Ori Brafman and Rom Brafman’s book “Click” is about the instant connections between people. The book starts with a “love at first sight” story. When two people with very different personalities meet there’s conflict, but then they fall in love and get married.
The authors report that “love at first sight” marriages surprisingly have more endurance than traditional marriages. In the second example, Jim West, one of the first African-Americans to earn a Ph.D. in physics in the US, and Gerhard Sessler, a World War II emigrant and scientist, meet. Though they both come from very different backgrounds, they click and become a powerful team that invents the microphone and solves many difficult technical problems.
The term “click” refers to a magical moment, which is euphoric, energizing and thrilling. By clicking, people have a quick-set intimacy with a special person. As the authors explain: “In other contexts, the words quick and instant don’t necessarily sound like positive descriptions (think instant coffee or quick TV dinners). But when it comes to human relationships, the bonds formed by quick-set intimacy can be surprisingly strong and create a tenor in the relationship that may be lifelong.”
The Brafman brothers explain the research on clicking in their book. The first factor in clicking is vulnerability. Under normal conditions, people try to look self-assured and as perfect as possible. However, even though a lot of authors and specialists claim that self-confidence is very important in human relationships, vulnerability seems to be more important than self-confidence. When people talk about their weakest points, they are more clickable. I think there is something that looks contradictory, but works in harmony. Self-confidence and vulnerability are two sides of the same coin. If one has self-confidence, that means he can be vulnerable. Being open in personal matters is a kind of authenticity that invites other people to become closer to you. When you tell somebody that you were not good at being a father or you lived in poverty as a child, people think that you are a reachable person.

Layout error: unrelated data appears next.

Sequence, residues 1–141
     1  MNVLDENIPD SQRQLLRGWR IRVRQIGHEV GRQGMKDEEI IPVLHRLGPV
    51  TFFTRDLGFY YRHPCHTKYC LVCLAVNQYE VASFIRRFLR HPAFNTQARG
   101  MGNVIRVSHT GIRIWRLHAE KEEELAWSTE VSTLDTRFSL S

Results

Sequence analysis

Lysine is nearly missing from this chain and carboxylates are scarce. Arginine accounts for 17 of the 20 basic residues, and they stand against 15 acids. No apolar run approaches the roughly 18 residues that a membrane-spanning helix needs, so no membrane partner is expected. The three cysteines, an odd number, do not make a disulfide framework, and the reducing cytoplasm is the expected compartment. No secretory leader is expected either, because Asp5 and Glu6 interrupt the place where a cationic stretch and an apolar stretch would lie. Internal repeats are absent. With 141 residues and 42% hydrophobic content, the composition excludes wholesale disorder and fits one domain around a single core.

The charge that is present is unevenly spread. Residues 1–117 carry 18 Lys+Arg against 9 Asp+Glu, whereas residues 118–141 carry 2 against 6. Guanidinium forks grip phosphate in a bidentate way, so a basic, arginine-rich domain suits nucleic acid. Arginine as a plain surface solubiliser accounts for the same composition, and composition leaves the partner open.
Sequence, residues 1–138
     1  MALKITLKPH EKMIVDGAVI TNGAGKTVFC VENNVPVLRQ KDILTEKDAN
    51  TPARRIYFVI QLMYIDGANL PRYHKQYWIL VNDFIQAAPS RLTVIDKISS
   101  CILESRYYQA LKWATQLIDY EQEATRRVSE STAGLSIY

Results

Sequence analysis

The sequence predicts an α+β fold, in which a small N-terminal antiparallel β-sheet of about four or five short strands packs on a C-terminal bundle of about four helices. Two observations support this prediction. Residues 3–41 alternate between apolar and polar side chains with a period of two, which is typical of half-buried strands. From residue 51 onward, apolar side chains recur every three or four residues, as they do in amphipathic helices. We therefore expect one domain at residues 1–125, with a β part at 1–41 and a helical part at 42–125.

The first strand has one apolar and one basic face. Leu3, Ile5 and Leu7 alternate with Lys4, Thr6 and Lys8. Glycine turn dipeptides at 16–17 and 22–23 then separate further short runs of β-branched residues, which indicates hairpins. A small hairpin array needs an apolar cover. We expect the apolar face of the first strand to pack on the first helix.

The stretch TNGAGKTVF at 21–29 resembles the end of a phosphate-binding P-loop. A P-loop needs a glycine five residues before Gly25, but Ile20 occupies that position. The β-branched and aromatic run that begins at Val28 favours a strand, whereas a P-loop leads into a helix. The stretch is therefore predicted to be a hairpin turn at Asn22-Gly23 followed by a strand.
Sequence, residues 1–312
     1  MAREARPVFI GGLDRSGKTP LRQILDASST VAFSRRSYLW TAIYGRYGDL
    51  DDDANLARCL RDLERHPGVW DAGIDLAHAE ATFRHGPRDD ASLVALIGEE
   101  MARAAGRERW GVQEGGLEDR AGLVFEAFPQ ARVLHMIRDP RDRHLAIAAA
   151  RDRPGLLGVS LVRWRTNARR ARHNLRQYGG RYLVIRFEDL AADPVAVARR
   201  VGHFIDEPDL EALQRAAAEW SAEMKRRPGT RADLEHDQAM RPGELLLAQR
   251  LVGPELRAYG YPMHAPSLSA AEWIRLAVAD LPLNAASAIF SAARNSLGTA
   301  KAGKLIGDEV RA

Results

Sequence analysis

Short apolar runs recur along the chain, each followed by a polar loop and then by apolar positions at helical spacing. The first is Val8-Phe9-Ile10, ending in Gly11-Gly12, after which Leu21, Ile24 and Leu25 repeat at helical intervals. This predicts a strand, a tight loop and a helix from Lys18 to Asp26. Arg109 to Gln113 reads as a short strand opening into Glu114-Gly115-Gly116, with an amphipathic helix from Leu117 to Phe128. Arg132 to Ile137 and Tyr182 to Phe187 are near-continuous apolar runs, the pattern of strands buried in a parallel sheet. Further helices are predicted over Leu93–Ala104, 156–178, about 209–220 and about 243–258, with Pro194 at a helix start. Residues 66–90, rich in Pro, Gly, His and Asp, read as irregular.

Proximity is one of the surprising concepts of the book. People used to think that the popularity of a person was based on his/her personality. However, the Brafmans’ book argues that popularity is a function of place. The best friends in the schools are the students who sit together coincidentally on the first day of class or live in the same dormitory room. Proximity creates a click between these people. People in the heart of a network are the most popular people within this network because of location, not personality. According to the researchers, the most popular students in MIT dormitories stay in rooms in the middle of the dormitory.
Another point that the Brafman brothers uncover in their book is joint adversity. People who have experienced difficult times together click with each other. People who suffered the oppressions of a war, survivors of a shipwreck, or even members of the same Boy Scout troop might easily click. The Brafmans talk about high self-monitors that act as network hubs. Some people have fluid personalities that can easily modulate their emotional expressions and quickly incorporate norms.
What can we do with the concept of click in the business world? People can use these concepts for networking. Managers can create teams by considering click factors; I marketing, we can click with our customers. The readers of the book can begin a journey full of questions: How can our company become vulnerable? How can we train people to become self-monitors? How can we use the principle of “proximity” in business life?